Tom Swarbrick 10pm - 1am
Smart motorways: 'Overhaul' planned following 38 deaths in five years
26 January 2020, 19:42
Thirty-eight people have been killed on smart motorways in the past five years with near-misses increasing 20-fold, figures suggest.
Near-misses have drastically increased on one of Britain's stretches of smart motorways since hard shoulders were taken away.
An investigation uncovered a total of 1,485 near-misses on London's busy M25 ring road since the scheme's introduction. In the five years before there were only 72.
Smart motorways were brought in to relieve traffic on busy parts of the UK's road network. They transform the hard shoulder into another driving lane, meaning drivers who break down are left at the mercy of the traffic.
Former government minister Sir Mike Penning, who gave the roll-out the green light, told BBC's Panorama he was misled about how risky the system could prove to be.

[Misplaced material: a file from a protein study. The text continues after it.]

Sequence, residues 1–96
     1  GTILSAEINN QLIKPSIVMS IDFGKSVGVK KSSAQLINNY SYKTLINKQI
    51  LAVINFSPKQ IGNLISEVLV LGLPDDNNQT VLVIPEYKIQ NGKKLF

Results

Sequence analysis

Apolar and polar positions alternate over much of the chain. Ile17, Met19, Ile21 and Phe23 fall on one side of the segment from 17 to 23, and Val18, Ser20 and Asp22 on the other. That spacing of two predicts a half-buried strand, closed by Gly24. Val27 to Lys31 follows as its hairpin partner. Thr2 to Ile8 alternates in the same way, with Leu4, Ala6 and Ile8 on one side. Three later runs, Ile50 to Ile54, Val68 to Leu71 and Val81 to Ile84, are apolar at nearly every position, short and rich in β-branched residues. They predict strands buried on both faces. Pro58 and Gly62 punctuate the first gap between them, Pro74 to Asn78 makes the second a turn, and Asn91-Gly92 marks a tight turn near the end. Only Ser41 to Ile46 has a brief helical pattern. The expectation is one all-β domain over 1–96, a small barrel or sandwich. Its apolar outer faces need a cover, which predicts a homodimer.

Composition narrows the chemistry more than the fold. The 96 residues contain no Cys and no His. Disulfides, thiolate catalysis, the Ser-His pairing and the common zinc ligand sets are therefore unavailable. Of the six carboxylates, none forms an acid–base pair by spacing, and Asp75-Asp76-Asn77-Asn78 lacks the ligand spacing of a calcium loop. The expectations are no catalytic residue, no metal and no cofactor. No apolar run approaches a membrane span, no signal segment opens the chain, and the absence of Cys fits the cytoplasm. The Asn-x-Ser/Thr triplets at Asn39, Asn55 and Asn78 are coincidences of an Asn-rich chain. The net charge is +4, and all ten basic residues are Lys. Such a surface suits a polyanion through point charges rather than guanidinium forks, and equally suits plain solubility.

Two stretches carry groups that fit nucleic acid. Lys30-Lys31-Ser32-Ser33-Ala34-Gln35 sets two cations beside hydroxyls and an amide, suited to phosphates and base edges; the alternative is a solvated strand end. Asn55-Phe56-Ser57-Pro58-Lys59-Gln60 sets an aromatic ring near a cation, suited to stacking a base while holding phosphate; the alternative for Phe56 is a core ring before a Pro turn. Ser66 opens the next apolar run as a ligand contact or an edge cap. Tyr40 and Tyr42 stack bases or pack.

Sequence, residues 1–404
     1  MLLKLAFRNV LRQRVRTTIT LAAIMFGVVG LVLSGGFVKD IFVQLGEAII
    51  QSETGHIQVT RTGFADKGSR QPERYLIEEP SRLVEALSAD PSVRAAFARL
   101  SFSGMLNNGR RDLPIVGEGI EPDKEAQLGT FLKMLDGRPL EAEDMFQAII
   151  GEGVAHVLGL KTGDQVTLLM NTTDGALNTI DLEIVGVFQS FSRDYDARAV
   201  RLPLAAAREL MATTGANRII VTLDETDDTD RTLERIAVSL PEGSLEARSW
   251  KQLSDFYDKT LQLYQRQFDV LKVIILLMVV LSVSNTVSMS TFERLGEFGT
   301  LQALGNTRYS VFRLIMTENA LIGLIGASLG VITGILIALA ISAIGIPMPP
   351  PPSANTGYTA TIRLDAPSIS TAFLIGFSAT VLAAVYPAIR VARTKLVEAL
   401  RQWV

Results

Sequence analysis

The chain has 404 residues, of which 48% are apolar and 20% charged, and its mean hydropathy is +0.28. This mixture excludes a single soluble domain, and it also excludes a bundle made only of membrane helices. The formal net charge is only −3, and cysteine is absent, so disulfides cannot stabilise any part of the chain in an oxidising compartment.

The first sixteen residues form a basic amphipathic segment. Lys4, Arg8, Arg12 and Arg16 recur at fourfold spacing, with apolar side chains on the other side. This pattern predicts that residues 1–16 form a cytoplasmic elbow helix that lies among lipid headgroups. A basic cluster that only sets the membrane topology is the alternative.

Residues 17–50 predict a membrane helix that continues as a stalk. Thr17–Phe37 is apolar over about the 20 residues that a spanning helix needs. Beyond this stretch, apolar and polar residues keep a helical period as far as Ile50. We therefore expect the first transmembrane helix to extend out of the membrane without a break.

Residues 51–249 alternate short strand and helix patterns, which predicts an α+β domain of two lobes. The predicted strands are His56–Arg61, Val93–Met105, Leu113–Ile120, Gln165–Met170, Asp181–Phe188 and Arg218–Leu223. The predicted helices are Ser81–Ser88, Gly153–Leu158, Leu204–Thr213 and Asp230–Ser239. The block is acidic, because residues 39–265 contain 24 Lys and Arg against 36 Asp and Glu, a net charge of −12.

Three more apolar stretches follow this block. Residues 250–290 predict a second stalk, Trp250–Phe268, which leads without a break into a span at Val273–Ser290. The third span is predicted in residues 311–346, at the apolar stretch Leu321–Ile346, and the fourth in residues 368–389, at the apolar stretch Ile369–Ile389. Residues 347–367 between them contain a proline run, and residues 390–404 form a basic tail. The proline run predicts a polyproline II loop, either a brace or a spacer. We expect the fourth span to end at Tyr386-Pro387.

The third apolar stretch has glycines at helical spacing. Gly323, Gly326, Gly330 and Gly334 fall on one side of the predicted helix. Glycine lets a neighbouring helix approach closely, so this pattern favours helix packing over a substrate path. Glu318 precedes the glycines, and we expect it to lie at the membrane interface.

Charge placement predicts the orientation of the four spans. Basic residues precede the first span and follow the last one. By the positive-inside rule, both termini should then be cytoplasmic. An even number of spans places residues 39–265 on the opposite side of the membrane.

"They are endangering people's lives," he said.
"There are people that are being killed and seriously injured on these roads, and it should never have happened."
It is believed the government is now looking to overhaul the network over the next three years by fitting radar - technology that can spot stranded vehicles when drivers break down - across smart motorways.
The car detection system is currently only fitted on two sections of the M25.
Currently, motorists across the country have to wait for an average of 17 minutes before being spotted, and a further 17 minutes before being rescued.
Plans to introduce dynamic hard shoulders - which can act as a hard shoulder or as a traffic lane - will be scrapped.
The Department for Transport said a review into smart motorways, announced in October, was still ongoing.
Transport Secretary, Grant Shapps told BBC Panorama's Britain's Killer Motorway? programme: "We absolutely have to have these as safe or safer than regular motorways or we shouldn't have them at all."
Only nine per cent of more than 17,000 people questioned feel relaxed or safe driving on a smart motorway, according to research fro the AA.
In addition, just 12 per cent think that smart motorways are as safe as traditional motorways.